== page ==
Today someone asked me what I love about Genova. And I stumbled because it's a complicated question to answer ... complicated like the city really.
I love that the sacred and profane stand side by side here. That it's not a vanilla-smooth kind of city, you have to earn your knowledge. Wandering-lost, following friends, searching out that pizzeria, this bar, that church. You can't just arrive here and know all there is to know of Genova. It's not like that.
I love that the sea is there at the edge of the city, and that hills surround it. Cradling it somehow. I love the sound of the Italian spoken here. I hear the conversations that pass by in the carruggi below my open window. There's the laughter, the 'ciao's', the coffee cups clanking in the cafe close by. Occasionally dogs meet and quarrel, people shout.
I really like the Genovese. The city and its people are particular and it works for me ... that photographer from New Zealand, from Istanbul, from Belgium. The one who wanders a lot, without much Italian.
This time I was here on a mission. I am writing a book and it has taken a long time to define the central thread of it. I thought it was about my photographs taken here since 2008. Then I thought perhaps I might write some of my story too, wanting to attempt to capture something of how it is for me here. But finally I realised it was another kind of book. I hope to have it finished this year. I'll let you know.
I love ravioli fatti in casa al “tuccu” di carne from Il Genovese but you know that already. And the Napoli pizza from Pizzeria Da Pino. No one makes pizza like them. So far, for me, it's the best in the world. Douce Pâtisserie Cafè in Piazza Matteotti has the most divine crema brioche and their coffee is very very good.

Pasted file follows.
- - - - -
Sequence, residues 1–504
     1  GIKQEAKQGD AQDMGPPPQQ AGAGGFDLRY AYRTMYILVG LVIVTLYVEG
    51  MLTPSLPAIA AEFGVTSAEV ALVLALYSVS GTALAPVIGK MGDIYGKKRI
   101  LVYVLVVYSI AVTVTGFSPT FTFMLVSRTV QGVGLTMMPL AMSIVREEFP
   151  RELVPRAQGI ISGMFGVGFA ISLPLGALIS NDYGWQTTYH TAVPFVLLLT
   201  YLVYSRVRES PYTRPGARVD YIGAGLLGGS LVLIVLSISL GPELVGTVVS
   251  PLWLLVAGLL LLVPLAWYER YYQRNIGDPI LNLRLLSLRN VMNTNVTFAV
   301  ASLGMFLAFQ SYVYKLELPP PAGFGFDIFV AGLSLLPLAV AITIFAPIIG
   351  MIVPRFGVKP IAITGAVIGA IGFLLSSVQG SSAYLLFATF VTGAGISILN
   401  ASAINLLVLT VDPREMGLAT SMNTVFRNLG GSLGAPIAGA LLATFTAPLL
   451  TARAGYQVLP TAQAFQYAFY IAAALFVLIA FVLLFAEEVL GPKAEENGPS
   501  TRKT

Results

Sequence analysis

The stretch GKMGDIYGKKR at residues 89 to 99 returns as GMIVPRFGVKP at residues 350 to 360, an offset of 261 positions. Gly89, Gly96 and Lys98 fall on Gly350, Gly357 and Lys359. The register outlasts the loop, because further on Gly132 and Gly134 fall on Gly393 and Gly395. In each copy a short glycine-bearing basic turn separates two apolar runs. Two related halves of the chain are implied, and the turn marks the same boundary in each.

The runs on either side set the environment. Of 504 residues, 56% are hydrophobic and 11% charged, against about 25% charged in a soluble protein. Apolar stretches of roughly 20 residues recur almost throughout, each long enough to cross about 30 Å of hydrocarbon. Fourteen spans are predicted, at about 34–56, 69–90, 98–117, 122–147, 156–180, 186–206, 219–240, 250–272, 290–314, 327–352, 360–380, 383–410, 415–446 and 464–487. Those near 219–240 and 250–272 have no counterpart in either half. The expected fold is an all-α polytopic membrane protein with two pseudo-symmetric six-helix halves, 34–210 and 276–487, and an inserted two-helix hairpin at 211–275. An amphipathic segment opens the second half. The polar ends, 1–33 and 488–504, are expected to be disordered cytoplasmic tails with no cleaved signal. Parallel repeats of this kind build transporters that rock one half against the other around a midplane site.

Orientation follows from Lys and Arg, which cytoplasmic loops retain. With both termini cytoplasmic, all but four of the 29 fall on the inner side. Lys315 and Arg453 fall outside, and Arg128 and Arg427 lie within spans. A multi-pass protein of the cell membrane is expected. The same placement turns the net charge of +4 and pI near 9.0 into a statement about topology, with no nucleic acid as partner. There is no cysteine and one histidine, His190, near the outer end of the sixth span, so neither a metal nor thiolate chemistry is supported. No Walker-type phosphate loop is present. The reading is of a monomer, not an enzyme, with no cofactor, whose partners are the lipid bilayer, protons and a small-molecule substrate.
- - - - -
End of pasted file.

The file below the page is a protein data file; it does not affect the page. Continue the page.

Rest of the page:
Le Gramole Olioteca is an exquisite store to wander to if you want top quality products like pasta and oil, jam and all kinds of cheeses. I interviewed Francesca and she wrote of what their shop means to them.
But that's only a few of my favourites. This city is full of the best kinds of food. And wandering in Europe's largest medieval quarter is full of surprises. There are fresh fruit and vegetable stalls, the fish shops, the butchers, the cathedrals, the churches, and the palaces built in wealthier times.
In so many ways I experience the city as a sensory overload. The recipes are as they have always been in places like confectioner Pietro Romanengo's laboratory - 7 generations in the business.
Genova has a whole lot of something that I've never found any place else. It's been a melting pot over centuries and has come together in a very particular way.
And so perhaps it becomes clear that it's not a question I can answer easily. It's all about a lot of things ... like the city itself.